Zell has made much of his fortune by identifying opportunity where others see only trouble. He says that he is constantly trying to “shut out the noise” of conventional wisdom, because, although it may not always be wrong, it is rarely profitable. In the mid-seventies, he bought about three billion dollars’ worth of distressed real estate in cities across the country for “a dollar down and a hope certificate.” He made hundreds of millions of dollars. In 1978, he published an article about his exploits in Real Estate Review, which he titled “The Grave Dancer” (“I was dancing on the skeletons of other people’s mistakes”), and this became his nickname. If Zell gains control of Tribune Company—the deal is expected to close before the end of the year, though obstacles remain—it will be the biggest distressed entity that he has ever acquired. In addition to the Chicago and Los Angeles daily newspapers, the company owns Newsday, six other dailies, and twenty-three television stations, as well as the Chicago Cubs. In part because of rapidly declining profits in the newspaper industry, Tribune’s revenues have been dropping for years. When Tribune’s directors put the company up for sale, in September, 2006, a number of prospective buyers examined its assets and walked away. By the time Zell made his offer, last March, his only competition was a less fully formed bid from the Los Angeles businessmen Ronald Burkle and Eli Broad.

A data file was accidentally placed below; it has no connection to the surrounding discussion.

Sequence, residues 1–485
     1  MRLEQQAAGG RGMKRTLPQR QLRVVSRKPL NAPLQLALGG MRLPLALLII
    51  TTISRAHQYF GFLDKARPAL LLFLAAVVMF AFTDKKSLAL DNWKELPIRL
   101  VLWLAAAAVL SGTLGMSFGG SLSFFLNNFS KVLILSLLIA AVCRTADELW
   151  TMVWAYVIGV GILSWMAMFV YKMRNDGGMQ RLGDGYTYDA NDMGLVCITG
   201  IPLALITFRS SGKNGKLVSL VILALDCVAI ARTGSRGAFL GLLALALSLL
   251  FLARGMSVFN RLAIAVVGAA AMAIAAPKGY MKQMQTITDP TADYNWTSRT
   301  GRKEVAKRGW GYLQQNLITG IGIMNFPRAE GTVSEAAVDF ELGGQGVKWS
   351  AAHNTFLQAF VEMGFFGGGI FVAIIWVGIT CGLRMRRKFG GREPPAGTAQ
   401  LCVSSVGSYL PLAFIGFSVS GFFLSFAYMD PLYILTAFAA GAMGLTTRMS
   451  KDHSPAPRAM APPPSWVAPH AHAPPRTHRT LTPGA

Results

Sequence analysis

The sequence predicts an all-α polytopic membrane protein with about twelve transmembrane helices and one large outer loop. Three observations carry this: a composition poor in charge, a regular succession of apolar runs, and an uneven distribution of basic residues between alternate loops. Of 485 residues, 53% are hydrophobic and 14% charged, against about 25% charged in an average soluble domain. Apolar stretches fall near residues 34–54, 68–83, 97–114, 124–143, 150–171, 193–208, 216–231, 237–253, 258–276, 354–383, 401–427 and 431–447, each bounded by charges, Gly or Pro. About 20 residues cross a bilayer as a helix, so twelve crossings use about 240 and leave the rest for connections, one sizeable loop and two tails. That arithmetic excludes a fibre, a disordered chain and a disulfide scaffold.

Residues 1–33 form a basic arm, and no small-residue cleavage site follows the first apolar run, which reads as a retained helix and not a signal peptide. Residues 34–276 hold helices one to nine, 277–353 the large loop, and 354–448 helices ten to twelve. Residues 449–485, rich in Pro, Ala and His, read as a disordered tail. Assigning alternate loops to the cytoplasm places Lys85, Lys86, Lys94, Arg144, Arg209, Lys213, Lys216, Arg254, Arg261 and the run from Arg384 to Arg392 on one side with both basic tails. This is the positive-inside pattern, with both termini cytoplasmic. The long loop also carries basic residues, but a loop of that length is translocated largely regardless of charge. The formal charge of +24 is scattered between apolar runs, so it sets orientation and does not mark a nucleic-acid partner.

They were modern adventure travelers, following the doomed route of Sir Ernest Shackleton to the frozen ends of the earth. They paid $7,000 to $16,000 to cruise on a ship that had proudly plowed the Antarctic for 40 years.
But sometime early yesterday, the Explorer, fondly known in the maritime world as “the little red ship,” quietly struck ice.
There were the alarms, then the captain’s voice on the public address system calling the 100 passengers and the crew of about 50 to the lecture hall, according to passengers’ accounts on the radio and others relayed from rescuers and the tour operator.
In the lecture hall, they were told that water was creeping in through a fist-size hole punched into the ship’s starboard. As it flooded the grinding engine room, the power failed. The ship ceased responding.
“We all got a little nervous when the ship began to list sharply, and the lifeboats still hadn’t been lowered,” John Cartwright, a Canadian, told CBC radio.
What will likely be the most important scientific and technological breakthroughs with significant commercial value and impacts on the lives of consumers out to 2025?
To begin to answer that question, S)T’s Technology Foresight program conducted a virtual, global focus group of experts in technology, innovation, and business strategy. The group included experts from the Association of Professional Futurists, Tekes, Duke University, Hasbro, Worldwatch, General Motors, Shell, Johnson Controls, and Oxford University, among others.
After consolidating input from the expert panel and analysis by Social Technologies’ futurists, what emerged was our list of top 12 areas for tech innovation through 2025:
Personalized medicine—With the initial mapping of the human genome, scientists are moving rapidly toward the following likely breakthroughs for gene-based products and services:
FORWARD OPERATING BASE AIRBORNE, Afghanistan, Nov. 22 — The soldiers filed into the dining tent in the soft light before evening, carrying heaps of food for a Thanksgiving gathering as polyglot as anywhere.